It's a valuable discussion to have, but as per usual there's this American mea culpa about race that's just so fucking tedious.
In the late nineteenth and early twentieth centuries, America led the world in race-based lawmaking, as a broad political consensus favored safeguarding the historically white character of the country.
This is due in no small part to the fact that America was an ethnically diverse environment where the prevailing tribe was being threatened by the prosperity of the aforementioned Italians, Irish, blacks and what-not. Spain had long since expelled the Moors, ejected the Jews and exterminated the Protestants. Europe had no immigration to speak of. The Russians had been practicing pogroms for a couple hundred years. Japan had sealed its borders to all foreigners for 200 years, only to be drawn forcefully out of isolation by Commodore Perry and an American armada. When Hitler took note, it wasn't because of laws keeping the Irish down or whatever as the Hapsburg Empire had forbidden Jews from owning property for fuckin' a thousand years. It was because the American empire displaced Native Americans and corralled them on reservations for easy domination and steady attrition.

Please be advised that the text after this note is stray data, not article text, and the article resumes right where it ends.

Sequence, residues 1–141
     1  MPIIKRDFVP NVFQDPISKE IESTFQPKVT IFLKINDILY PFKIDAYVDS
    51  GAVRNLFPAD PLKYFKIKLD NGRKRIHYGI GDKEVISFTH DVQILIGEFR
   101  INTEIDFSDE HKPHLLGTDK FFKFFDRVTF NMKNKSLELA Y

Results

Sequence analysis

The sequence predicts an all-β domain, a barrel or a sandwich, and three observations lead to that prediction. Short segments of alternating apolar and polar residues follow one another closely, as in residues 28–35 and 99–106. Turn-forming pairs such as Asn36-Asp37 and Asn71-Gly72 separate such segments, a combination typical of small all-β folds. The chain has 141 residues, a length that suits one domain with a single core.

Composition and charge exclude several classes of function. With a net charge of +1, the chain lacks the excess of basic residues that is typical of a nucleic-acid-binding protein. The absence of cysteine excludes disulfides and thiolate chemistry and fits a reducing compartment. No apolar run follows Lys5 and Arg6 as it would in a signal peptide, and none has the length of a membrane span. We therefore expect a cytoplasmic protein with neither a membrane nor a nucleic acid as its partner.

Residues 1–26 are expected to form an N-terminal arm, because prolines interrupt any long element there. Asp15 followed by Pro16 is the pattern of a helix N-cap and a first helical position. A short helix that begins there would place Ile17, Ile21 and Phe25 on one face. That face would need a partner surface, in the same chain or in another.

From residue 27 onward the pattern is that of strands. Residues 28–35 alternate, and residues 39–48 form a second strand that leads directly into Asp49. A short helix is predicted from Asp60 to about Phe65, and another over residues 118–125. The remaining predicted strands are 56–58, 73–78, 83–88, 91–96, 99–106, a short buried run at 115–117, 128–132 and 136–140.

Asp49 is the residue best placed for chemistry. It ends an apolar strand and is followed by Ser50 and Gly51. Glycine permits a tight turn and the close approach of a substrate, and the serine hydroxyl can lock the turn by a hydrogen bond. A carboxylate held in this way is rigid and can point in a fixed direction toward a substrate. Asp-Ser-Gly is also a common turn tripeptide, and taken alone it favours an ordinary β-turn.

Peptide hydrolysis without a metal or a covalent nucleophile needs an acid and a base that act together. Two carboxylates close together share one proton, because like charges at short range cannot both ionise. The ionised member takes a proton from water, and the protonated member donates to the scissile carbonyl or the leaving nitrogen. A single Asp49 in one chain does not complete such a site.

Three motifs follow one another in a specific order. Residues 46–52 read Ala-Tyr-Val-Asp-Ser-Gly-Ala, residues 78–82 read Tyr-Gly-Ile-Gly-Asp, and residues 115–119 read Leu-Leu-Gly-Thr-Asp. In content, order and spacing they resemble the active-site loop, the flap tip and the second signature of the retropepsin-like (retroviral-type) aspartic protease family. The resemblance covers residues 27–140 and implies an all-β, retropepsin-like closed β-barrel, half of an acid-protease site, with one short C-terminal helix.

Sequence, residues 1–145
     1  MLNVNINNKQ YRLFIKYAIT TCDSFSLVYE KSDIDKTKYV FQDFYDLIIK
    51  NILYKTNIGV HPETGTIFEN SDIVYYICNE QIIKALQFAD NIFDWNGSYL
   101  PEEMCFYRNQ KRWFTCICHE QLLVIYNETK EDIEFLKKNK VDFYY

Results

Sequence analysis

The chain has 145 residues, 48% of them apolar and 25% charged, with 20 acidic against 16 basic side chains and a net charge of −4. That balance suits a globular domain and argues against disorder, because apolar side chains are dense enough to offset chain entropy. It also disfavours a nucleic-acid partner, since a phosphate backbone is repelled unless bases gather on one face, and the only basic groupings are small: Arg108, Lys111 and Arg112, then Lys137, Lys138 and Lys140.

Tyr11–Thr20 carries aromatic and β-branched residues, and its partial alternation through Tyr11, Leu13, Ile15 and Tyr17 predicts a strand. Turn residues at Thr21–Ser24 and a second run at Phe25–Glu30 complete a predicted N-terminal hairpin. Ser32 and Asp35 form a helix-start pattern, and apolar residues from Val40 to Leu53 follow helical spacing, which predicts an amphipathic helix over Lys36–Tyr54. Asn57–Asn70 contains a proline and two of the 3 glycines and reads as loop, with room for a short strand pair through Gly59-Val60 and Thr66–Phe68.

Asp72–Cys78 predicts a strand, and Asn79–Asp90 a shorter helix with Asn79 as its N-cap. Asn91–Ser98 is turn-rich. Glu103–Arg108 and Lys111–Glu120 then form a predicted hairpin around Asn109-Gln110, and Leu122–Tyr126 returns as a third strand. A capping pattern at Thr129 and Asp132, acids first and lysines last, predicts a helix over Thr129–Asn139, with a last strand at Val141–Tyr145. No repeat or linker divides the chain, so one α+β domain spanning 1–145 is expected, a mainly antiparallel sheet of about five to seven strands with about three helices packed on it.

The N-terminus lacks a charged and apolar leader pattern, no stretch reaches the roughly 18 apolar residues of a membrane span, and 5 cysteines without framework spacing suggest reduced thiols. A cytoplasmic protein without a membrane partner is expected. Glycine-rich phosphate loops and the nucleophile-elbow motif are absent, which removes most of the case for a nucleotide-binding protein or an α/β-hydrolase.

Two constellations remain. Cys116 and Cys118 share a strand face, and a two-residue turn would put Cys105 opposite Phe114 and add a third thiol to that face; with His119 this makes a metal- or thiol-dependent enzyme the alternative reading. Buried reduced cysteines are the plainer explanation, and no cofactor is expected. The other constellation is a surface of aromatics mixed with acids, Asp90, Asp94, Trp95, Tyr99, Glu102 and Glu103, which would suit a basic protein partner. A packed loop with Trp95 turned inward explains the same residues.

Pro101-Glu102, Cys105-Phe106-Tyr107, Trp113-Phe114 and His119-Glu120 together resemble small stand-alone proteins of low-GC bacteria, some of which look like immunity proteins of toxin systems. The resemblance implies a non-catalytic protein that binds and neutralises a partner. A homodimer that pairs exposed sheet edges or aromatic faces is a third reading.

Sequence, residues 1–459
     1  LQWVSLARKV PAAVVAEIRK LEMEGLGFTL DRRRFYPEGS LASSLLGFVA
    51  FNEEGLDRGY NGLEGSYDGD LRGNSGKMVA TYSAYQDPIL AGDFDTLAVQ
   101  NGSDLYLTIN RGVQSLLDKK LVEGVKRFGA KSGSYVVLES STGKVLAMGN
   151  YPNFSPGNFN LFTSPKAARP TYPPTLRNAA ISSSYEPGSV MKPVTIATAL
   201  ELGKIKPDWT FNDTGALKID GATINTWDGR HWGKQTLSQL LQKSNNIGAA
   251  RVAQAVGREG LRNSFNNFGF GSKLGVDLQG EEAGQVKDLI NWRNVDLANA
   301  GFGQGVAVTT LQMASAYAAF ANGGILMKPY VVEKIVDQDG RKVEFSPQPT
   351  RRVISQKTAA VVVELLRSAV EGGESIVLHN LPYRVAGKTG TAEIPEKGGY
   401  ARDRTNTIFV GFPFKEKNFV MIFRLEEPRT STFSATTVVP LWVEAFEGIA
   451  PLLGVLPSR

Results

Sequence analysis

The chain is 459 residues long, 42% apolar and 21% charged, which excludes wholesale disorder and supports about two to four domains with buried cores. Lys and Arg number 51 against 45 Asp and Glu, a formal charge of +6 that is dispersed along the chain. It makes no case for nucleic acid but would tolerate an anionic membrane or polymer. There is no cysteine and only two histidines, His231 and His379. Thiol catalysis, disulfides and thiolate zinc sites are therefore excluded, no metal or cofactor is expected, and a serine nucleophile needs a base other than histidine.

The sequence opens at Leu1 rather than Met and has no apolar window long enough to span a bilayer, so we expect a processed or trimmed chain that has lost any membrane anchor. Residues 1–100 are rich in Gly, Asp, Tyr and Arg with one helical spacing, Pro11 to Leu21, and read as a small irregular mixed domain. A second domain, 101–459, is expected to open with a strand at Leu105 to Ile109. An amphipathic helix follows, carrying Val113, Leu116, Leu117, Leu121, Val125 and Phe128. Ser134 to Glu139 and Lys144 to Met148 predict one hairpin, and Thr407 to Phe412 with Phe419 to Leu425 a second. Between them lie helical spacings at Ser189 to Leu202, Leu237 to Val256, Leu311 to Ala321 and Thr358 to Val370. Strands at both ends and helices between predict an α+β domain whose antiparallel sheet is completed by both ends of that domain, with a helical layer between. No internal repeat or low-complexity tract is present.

The Nazis didn't need to follow American law to make miscegenation illegal; such laws were based in European codes going back to before the Puritans. Where the Nazis followed the American lead was in a fascination for eugenics and a desire for racial purity through conscious breeding programs. If we're going to throw Americans under the bus for anything, eugenics is worth throwing us under the bus for.